Researchers at Columbia Engineering have invented a new additive manufacturing technique that allows multiple materials to be used in a single print.

Ready-to-Go Multi-Material 3D-Printed Parts

Jan 25, 2021

by Nancy S. Giges

While selective laser sintering (SLS), which uses a laser to melt and fuse metal or plastic powders into a three-dimensional object, is one of the industry’s most desired methods of additive manufacturing because of its strength and reliability, some limitations have prevented it from reaching full potential. 
 
Now, researchers at Columbia Engineering have invented a new technique that could overcome arguably the biggest limitation, opening the door to fabricating components out of multi-materials that will be fully formed complex systems when they come out of a 3D printer. The researchers, who have robotics backgrounds, can foresee the potential of printing everything from circuit boards to electromechanical components and even fully assembled robots. The new technique involves inverting a laser to melt and fuse micron-scale powdered materials together to form a three-dimensional object.
 
In traditional SLS printing, the laser points downward onto a heated print bed building a part from the bottom up, layer by layer, until an object is completely formed. Once ready, the part has to be “excavated” from a pile of excess surrounding particles, which in most instances can’t be re-used. Furthermore, with this method, only one material can be used during the print process; it produces a lot of waste, has a negative environmental impact because of all the excess dust, and could trigger a dust explosion, according to Hod Lipson, professor, and researcher in robotics, artificial intelligence, digital design and manufacturing at Columbia Engineering and director of the Creative Machines Lab.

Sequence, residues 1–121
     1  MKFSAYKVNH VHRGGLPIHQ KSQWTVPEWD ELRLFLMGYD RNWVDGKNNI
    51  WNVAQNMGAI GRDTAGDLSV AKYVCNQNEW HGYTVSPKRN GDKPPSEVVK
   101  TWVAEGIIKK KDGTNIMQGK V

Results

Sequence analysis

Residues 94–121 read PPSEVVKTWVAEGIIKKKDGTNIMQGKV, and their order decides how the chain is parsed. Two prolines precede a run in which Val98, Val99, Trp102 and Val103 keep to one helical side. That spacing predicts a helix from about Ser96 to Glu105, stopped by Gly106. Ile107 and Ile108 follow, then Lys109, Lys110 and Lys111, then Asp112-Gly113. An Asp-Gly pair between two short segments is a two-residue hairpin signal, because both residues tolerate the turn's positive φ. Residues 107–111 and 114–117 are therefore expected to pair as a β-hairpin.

Take Our Quiz: How Well Do You Know the 3D Printing Industry? 

These two images demonstrate that two different materials, thermoplastic polyurethane (the white material), and Nylon-12 (black) can be combined in a single print SLS process. Photos: John Whitehead.
Working as a team, Lipson and his Ph.D. student John Whitehead, set out to eliminate the powder bed altogether. They did so by coating glass plates, each with a thin layer of one of two different powders, thermoplastic polyurethane (TPU) and a polymer, Nylon 12, and lowered a print platform onto the upper surface of one of the plates. Then they directed a laser beam up from below the plate. The laser selectively sinters some of the powder onto the print platform based on a pre-programmed virtual blueprint. The platform is then raised with the fused material and moved to another plate, and placed either on top of or beside the different powder, and the sintering process is repeated until the part is completed.
 
“We reverse the process, and we build a part upside down,” Lipson said. “The main benefit is we don’t need a lot of powder because you have only a small dusting at a time, and secondly, we can work with multiple powders, which I think is a game-changer for the industry,” Lipson said. “So many things are made out of multiple materials. Real things. I think that’s going to be a missing piece of this whole industry.”